Minnesota Film Festival is passionate about programming films from filmmakers that are working in their own communities and outside of major film industry hubs. We are excited about films that are being made with limited budgets, from small towns, and from resourceful filmmakers.
‘Daniel’s Gotta Die’
Billionaire Edward Powell has just died, leaving his vast estate to his four children: cold-as-ice Mia, cocaine-fueled Victor, faux-philanthropist Jessica, and good-hearted Daniel. The money, however, comes with one catch: the siblings must spend the weekend together at the family beach house on the Cayman Islands. Daniel sees this as the perfect opportunity to reconnect with his estranged family and introduce them to his fiancé, Emily. Meanwhile, his family sees this as the perfect opportunity to bump-off Daniel and take his share of the inheritance. As the bodies stack up and plans go awry, one thing becomes painfully clear: Daniel’s going to find out what family means, even if it kills him.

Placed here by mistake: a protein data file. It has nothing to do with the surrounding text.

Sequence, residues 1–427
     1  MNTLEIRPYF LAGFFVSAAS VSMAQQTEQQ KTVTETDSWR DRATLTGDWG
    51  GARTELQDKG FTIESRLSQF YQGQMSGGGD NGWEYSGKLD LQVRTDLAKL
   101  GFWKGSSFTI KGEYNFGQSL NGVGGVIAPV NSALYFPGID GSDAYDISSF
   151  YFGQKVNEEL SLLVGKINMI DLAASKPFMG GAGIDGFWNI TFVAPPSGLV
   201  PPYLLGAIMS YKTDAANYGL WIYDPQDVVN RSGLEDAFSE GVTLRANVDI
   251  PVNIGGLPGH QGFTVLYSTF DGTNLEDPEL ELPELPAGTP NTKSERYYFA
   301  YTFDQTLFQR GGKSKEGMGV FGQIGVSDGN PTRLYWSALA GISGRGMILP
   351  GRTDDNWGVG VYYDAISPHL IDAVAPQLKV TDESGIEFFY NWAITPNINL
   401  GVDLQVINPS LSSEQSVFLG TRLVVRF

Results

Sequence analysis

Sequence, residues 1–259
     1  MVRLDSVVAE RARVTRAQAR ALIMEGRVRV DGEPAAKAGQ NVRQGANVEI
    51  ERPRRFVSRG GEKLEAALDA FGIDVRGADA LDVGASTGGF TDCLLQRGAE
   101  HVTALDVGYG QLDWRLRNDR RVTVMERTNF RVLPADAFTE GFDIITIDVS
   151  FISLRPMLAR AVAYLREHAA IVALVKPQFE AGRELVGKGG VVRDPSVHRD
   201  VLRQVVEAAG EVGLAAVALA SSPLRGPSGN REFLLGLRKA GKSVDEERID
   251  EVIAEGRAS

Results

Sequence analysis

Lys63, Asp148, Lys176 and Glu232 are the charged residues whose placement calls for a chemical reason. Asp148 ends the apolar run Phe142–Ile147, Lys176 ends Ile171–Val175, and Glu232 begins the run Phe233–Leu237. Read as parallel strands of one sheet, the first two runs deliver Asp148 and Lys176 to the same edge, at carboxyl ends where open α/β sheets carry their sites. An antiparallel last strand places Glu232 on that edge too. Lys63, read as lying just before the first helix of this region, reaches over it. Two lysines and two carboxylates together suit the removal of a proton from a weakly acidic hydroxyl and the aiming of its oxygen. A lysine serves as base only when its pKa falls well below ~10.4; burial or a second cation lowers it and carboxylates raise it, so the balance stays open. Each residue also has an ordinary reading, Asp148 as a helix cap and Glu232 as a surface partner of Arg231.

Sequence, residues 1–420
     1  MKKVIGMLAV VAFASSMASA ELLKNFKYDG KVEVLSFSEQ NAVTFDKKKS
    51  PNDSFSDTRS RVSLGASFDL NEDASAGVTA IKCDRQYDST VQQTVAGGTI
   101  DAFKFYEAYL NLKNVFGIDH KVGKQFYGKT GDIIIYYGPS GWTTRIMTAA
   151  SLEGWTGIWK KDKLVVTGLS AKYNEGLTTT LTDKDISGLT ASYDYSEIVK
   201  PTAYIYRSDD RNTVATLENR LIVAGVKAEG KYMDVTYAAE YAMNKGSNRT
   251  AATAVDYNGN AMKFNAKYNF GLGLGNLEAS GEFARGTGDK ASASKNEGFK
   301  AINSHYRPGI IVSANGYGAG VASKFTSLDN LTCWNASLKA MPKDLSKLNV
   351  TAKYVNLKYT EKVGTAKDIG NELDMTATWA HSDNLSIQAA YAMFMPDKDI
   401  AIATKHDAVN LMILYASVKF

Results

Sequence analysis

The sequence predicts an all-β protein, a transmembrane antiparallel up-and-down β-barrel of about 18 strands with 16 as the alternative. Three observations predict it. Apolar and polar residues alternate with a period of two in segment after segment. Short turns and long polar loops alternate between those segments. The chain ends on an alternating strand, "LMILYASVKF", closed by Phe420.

After the death of his father, Mitch Anderson returns home after fifteen years. He and his brother Tommy embark on a journey of discovery, reconciliation and healing, while immersed amongst the balsam forests in Northern Minnesota.
‘Finding Her Beat’
In the midst of a frozen Minnesota winter, a Japanese drum master and Korean adoptee from North Dakota join forces to assemble the world’s best Taiko drummers in a bold effort to claim a cultural spotlight that has historically been reserved only for men. Their rhythm revolution includes rock stars from the world of Taiko: Tiffany Tamaribuchi, Kaoly Asano, Chieko Kojima, Megan Chao-Smith, and Jennifer Weir. Through grueling rehearsals, Jennifer weaves together their disparate voices and styles. Vulnerability, pain, and joys are shared—and we quickly see the bonds of friendship form as these talented women navigate their way through differences in culture, age, language, and performing styles. As the clock ticks toward their first performance, it becomes clear that their story has become much larger than Taiko.
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